Robots like the iPal® robot could take on jobs like educators. social attendants and security monitors. Source: AFP/Justin Sullivan

A JobStreet survey released last week found that 96 percent of employers believe the digital economy and the advent of Industrial Revolution 4.0 will transform their hiring plans over the next three years. The top 5 digital skills employers wanted were: Digital Marketing, Software & Application Development, E-Commerce, Big Data & Analytics and Databases.

Gone are the days when workers didn’t have to be lifelong learners. We all know how technology will disrupt industries and make many jobs obsolete – to stay relevant in the job market you need to have the skills that current and future employers need.

And as social and labor protections for workers are eroded in the new features of the digital economy through things like zero-hour contracts or informal gig economies, relevant skills seem to be the only insurance to keep workers dry .

“Many of the key drivers of transformation currently affecting global industries are expected to have significant impacts on jobs, ranging from significant job creation to job displacement, and from increased labor productivity to growing skills gaps,” das said World Economic Forum.

“In many industries and countries, the most in-demand occupations or specializations did not exist ten or five years ago, and the pace of change will accelerate.”

“To thrive in such a labor market, workers must be lifelong learners, agile, comfortable with continuous adaptation, and willing to move across industries. When one profession becomes obsolete – a change that can happen virtually overnight – workers need to be able to switch quickly to another,” the WEF said in another article entitled: To thrive in a changing labor market, we must embrace lifelong learning.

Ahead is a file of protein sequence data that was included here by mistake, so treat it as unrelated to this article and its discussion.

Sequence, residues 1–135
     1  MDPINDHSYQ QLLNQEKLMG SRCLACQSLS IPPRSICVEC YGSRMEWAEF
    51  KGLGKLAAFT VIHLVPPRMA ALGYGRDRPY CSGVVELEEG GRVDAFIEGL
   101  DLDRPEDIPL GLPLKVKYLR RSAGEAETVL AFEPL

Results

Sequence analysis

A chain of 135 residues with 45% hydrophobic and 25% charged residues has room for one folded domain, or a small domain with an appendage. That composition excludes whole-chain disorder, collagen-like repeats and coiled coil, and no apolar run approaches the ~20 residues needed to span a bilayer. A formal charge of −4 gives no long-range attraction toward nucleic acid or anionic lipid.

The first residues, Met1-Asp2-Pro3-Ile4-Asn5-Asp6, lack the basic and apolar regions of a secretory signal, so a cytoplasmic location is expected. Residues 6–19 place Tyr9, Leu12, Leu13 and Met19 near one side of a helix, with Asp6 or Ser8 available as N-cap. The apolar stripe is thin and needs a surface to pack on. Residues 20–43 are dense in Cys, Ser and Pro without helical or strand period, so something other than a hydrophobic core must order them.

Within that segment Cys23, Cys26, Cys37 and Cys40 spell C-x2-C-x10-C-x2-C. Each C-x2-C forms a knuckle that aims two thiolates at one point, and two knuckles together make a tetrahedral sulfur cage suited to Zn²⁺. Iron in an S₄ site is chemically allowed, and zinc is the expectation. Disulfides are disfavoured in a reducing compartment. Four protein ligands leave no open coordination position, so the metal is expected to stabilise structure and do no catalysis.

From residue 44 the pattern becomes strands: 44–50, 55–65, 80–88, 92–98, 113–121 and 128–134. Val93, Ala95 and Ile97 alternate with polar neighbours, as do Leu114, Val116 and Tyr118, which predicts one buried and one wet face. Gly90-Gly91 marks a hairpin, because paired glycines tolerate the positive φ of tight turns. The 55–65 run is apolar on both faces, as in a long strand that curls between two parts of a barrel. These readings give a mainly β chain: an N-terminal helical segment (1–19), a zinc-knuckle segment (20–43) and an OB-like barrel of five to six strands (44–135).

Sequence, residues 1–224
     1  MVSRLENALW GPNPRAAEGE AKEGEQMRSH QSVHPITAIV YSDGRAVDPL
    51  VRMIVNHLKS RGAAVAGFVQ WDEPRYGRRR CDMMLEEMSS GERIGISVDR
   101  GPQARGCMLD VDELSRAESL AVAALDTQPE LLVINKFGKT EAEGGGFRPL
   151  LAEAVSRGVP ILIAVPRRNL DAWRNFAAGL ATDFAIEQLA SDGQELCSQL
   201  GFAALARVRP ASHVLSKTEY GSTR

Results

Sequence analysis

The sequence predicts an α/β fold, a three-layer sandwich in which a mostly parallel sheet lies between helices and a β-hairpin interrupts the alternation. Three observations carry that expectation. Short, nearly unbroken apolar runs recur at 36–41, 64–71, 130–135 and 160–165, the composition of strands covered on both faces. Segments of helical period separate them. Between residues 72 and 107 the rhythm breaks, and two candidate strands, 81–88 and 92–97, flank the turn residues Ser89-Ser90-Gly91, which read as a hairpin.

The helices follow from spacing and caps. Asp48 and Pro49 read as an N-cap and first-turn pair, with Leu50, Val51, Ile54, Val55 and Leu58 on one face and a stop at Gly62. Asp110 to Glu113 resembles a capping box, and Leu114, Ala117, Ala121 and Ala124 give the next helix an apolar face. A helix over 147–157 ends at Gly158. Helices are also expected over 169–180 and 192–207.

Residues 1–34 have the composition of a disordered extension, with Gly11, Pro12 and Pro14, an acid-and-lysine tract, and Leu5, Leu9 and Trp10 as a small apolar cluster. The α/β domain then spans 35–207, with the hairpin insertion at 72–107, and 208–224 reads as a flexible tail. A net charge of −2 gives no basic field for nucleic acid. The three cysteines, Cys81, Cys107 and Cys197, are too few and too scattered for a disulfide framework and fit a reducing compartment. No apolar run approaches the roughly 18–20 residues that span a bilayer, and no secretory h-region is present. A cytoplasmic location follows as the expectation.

While JobStreet’s report revealed that employers will be looking for digital skills in the near future, it might be foolish of us to flock to the programs that provide such skills. Subjects like humanities, which have been sidelined by the global surge in STEM skills, are of even greater importance now and in the future.

Mr. Gan Bock Herm, Country Manager of JobStreet.com Malaysia, reports on the rapid adoption of digitalization in various work sectors in Malaysia during the JobStreet.com HR Networking Event (HRNE) 2019. Source: JobStreet.com

South of Malaysia, countries like Singapore finally seem to see the urgency.

Long criticized for her fixation on exams and memorization, she founded her sixth public university – the Singapore University of Social Sciences (SUSS) – in 2017, which focuses on quality education for adult learners as well as social science subjects. Its partners include SkillsFuture, a national movement to promote lifelong learning among Singaporeans. Studying at SUSS is government-subsidized and the programs use technology and online courses to better support working students.

“Most of them (adult students) want to study in order to develop professionally or to make a change. The university offers them a flexible way to work and study at the same time,” says SUSS President Cheong Hee Kiat.